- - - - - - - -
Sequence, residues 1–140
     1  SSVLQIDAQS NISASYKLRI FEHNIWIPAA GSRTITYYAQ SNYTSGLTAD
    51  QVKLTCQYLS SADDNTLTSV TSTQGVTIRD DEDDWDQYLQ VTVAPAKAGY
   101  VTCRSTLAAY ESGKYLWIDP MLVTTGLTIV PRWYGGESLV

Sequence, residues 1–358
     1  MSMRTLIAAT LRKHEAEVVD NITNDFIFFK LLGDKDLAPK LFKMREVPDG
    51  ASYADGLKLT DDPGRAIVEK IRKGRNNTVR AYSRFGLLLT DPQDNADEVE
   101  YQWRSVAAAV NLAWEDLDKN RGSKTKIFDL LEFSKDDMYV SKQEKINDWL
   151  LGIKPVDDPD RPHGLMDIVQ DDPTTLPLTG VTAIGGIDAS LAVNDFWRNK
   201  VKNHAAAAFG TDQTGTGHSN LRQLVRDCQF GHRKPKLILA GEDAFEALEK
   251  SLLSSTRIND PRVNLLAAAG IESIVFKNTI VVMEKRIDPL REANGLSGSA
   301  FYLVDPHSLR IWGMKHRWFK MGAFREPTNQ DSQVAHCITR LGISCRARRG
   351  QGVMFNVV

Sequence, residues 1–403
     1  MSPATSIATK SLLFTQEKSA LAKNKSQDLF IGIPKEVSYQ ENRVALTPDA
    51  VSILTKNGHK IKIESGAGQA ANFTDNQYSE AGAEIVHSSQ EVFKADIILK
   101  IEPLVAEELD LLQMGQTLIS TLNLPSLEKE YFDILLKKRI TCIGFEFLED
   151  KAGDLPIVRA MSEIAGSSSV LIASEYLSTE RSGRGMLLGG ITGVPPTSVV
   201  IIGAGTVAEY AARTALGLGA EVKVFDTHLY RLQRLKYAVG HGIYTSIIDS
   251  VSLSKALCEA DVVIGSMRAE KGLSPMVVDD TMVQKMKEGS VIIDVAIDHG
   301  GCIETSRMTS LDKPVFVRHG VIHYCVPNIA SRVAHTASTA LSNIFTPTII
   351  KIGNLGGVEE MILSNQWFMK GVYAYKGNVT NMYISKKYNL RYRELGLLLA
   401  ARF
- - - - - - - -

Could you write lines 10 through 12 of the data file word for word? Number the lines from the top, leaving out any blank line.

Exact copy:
   201  VKNHAAAAFG TDQTGTGHSN LRQLVRDCQF GHRKPKLILA GEDAFEALEK
   251  SLLSSTRIND PRVNLLAAAG IESIVFKNTI VVMEKRIDPL REANGLSGSA
   301  FYLVDPHSLR IWGMKHRWFK MGAFREPTNQ DSQVAHCITR LGISCRARRG